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581
CHAPTER
32
The Laplace Transform
The two main techniques in signal processing, convolution and Fourier analysis, teach that a
linear system can be completely understood from its impulse or frequency response.
This is a
very generalized approach, since the impulse and frequency responses can be of nearly any shape
or form.
In fact, it is
too
general for many applications in science and engineering.
Many of the
parameters in our universe interact through
differential equations
.
For example, the voltage
across an inductor is proportional to the derivative of the current through the device.
Likewise,
the force applied to a mass is proportional to the derivative of its velocity.
Physics is filled with
these kinds of relations.
The frequency and impulse responses of these systems cannot be
arbitrary, but must be consistent with the solution of these differential equations.
This means that
their impulse responses can only consist of
exponentials
and
sinusoids
.
The Laplace transform
is a technique for analyzing these special systems when the signals are
continuous
.
The z-
transform is a similar technique used in the
discrete
case.
The Nature of the s-Domain
The Laplace transform is a well established mathematical technique for solving
differential equations.
It is named in honor of the great French mathematician,
Pierre Simon De Laplace (1749-1827).
Like all transforms, the Laplace
transform changes one signal into another according to some fixed set of rules
or equations.
As illustrated in Fig. 32-1, the Laplace transform changes a
signal in the time domain into a signal in the
s-domain
, also called the
s-
plane
.
The time domain signal is continuous, extends to both positive and
negative infinity, and may be either periodic or aperiodic.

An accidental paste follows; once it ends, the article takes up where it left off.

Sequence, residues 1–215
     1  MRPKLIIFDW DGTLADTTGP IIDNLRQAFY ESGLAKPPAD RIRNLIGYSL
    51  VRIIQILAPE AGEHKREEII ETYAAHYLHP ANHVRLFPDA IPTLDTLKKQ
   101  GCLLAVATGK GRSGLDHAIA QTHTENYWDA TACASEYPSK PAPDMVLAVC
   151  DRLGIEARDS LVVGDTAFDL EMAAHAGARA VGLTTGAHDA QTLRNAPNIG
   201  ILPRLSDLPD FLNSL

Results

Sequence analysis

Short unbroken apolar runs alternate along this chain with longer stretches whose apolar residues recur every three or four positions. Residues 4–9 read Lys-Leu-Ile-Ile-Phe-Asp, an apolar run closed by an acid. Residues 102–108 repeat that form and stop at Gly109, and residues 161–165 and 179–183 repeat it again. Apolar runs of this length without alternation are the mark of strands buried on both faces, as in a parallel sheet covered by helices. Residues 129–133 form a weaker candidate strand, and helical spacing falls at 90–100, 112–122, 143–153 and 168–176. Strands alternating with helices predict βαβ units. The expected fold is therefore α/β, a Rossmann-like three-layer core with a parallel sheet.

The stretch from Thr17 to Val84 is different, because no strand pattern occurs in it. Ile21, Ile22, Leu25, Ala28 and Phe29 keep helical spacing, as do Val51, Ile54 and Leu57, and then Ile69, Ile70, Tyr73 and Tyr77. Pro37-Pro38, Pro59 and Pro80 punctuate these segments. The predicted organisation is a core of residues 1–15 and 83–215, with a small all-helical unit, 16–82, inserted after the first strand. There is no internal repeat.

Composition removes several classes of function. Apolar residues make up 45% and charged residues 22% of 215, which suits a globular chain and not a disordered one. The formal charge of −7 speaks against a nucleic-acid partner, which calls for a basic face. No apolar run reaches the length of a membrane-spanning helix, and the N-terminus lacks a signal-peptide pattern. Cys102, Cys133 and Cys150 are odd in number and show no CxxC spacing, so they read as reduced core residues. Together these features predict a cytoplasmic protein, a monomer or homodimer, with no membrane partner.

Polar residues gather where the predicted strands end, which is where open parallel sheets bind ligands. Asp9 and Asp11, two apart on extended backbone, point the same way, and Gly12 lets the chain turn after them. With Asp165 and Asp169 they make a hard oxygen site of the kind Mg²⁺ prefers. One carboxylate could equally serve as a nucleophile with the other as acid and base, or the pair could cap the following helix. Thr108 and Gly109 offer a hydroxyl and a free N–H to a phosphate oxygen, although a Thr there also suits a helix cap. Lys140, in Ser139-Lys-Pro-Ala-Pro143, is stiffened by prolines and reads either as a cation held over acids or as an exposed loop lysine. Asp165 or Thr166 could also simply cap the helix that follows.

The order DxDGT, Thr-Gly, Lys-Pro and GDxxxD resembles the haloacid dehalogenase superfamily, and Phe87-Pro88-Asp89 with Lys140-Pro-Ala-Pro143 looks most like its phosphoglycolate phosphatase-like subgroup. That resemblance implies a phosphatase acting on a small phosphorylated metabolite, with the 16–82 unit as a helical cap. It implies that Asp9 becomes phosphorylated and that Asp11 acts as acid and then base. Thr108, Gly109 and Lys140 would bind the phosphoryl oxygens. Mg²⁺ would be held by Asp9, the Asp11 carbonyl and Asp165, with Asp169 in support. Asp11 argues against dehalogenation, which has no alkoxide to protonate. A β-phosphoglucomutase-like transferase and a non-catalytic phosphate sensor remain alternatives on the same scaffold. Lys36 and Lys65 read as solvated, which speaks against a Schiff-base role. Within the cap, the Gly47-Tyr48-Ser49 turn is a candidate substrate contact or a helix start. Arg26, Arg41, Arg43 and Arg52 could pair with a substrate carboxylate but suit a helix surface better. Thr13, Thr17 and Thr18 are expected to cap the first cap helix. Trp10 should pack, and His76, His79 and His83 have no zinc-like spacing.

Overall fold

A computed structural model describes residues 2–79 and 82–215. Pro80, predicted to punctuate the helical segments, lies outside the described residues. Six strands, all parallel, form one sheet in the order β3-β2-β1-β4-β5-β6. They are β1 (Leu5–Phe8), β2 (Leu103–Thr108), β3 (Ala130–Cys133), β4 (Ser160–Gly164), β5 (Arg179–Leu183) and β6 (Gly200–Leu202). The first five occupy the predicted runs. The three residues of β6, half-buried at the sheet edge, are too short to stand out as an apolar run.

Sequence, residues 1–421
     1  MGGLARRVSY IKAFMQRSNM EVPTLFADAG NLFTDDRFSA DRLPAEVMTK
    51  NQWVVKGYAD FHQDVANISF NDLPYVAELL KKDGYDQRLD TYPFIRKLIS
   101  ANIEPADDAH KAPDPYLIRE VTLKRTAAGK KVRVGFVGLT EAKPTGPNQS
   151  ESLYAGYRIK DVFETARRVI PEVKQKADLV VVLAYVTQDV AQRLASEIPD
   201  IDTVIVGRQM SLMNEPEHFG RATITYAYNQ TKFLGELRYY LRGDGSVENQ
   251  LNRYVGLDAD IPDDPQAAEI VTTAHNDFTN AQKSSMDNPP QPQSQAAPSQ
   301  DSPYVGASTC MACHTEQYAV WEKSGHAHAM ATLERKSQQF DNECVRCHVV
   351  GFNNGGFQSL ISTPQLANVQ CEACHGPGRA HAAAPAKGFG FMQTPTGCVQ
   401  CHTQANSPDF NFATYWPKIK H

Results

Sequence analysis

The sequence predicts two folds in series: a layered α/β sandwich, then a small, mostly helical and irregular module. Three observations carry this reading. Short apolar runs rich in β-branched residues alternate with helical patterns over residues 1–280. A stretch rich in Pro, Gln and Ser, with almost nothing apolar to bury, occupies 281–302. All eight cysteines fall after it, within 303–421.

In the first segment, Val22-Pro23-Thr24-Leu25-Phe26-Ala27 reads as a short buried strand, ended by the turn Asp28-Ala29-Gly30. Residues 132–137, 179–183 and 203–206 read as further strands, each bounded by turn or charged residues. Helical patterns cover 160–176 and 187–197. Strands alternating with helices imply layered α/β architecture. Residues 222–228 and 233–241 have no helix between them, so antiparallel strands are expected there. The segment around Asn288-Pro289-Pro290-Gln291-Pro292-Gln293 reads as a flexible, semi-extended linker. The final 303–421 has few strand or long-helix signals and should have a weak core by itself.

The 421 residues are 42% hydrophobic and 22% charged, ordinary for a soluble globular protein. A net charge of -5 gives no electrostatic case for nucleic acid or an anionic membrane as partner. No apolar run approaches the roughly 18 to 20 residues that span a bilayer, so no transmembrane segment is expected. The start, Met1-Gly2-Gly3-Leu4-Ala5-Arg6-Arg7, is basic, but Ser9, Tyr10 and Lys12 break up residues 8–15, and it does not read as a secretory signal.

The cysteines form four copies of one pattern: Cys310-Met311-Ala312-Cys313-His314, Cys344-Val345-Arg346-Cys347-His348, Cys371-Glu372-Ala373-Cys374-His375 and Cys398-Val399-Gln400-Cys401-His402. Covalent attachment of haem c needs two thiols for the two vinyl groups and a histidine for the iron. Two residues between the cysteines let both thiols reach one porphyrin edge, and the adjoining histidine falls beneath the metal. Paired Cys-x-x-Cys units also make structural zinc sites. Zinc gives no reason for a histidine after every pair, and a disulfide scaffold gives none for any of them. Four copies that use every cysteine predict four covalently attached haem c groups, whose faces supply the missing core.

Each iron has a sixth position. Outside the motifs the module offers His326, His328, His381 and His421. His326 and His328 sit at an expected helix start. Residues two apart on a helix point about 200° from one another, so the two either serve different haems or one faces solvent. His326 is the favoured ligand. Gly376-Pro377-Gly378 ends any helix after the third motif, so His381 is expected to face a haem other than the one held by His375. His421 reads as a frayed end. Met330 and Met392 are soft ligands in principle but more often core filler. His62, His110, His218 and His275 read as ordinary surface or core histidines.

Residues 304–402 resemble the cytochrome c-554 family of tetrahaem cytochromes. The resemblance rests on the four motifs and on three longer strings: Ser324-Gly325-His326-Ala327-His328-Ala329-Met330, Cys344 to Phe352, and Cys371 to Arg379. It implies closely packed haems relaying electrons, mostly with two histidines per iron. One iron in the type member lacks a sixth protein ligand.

The Laplace
transform allows the time domain to be
complex
; however, this is seldom
needed in signal processing.
In this discussion, and nearly all practical
applications, the time domain signal is completely real.
As shown in Fig. 32-1, the s-domain is a complex plane, i.e., there are real
numbers along the horizontal axis and imaginary numbers along the vertical
axis.
The distance along the real axis is expressed by the variable,
F
, a lower

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582
X
(
T
)
’
m
4
&
4
x
(
t
)
e
&
j
T
t
dt
X
(
F
,
T
)
’
m
4
&
4
[
x
(
t
)
e
&
F
t
]
e
&
j
T
t
case Greek sigma.
Likewise, the imaginary axis uses the variable,
T
, the
natural frequency.
This coordinate system allows the location of any point to
be specified by providing values for
F
and
T
.
Using complex notation, each
location is represented by the complex variable,
s
, where:
.
Just as
s
’
F
%
j
T
with the Fourier transform, signals in the s-domain are represented by capital
letters.
For example, a time domain signal,
, is transformed into an s-
x
(
t
)
domain signal,
, or alternatively,
.
The s-plane is continuous, and
X
(
s
)
X
(
F
,
T
)
extends to infinity in all four directions.

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